At about 50cm long, Glossy Black Cockatoos (Calyptorhynchus lathami) are the smallest of the five black-cockatoo species, but have one of the most formidable beaks of any bird. Click, crack, crack, the male Glossy Black in front of me carefully rotated an Allocasuarina cone with his foot, the massive bill delicately clipping each seed and extracting the tiny kernel. Occasionally, he would make a soft creaky call which was strangely beautiful amongst the constant crackles of the group.
Sadly, the sounds of Glossy Black’s are being heard less often due to destruction of their preferred food source (allo-casuarina) and nesting trees (mature eucalypt with hollows). Their population has declined, with local extinctions and range contractions.
It was a wonderful experience to sit amongst these birds and record the sound of their feeding. This single track album is the result.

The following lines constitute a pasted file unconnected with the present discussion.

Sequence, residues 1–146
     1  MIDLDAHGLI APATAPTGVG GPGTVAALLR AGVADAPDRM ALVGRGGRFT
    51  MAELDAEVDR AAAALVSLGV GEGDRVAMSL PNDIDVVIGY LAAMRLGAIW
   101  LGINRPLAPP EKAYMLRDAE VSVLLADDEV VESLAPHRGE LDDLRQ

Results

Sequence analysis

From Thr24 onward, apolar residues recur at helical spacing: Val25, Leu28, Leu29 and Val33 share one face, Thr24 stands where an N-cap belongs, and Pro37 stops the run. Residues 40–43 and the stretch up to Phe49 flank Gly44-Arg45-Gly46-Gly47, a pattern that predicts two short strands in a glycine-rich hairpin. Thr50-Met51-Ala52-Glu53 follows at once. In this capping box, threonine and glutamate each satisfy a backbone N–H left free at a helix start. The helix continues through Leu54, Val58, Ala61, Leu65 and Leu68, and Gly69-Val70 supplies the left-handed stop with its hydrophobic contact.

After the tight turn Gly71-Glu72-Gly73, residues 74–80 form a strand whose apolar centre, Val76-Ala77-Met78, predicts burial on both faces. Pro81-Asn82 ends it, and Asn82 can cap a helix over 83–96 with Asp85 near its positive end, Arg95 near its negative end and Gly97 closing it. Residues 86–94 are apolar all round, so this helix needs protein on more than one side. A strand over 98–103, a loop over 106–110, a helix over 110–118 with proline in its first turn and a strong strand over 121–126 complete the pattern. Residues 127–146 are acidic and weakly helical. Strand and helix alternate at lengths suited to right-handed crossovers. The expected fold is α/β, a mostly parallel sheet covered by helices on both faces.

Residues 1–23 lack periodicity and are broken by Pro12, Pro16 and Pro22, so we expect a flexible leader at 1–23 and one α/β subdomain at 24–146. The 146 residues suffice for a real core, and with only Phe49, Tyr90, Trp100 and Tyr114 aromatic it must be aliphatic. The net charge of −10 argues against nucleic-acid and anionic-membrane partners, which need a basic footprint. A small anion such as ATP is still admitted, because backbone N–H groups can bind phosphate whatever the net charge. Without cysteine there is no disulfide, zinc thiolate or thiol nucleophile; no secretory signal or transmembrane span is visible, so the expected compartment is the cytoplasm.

Other species recorded include: Sulfur-crested Cockatoo, Australian King Parrot, Rainbow Lorikeet, Grey Fantail, Jacky Winter, Golden Whistler, Grey Shrikethrush, White-throated Warbler, Yellow-faced Honeyeater, Lewin’s Honeyeater, Noisy Miner, Spotted Pardalote, Striated Pardalote, Eastern Whipbird, Australiasian Figbird, Pied Butcherbird, Grey Butcherbird, Pied Currawong, Australian Magpie, Australian Magpie Lark, White-winged Chough, and Little Raven.
Read more on the Wild Ambience Blog – http://wildambience.com/glossy-black-cockatoo/
You can also read about conservation efforts aimed at helping Glossy Black Cockatoos on the The Glossy Black Conservancy website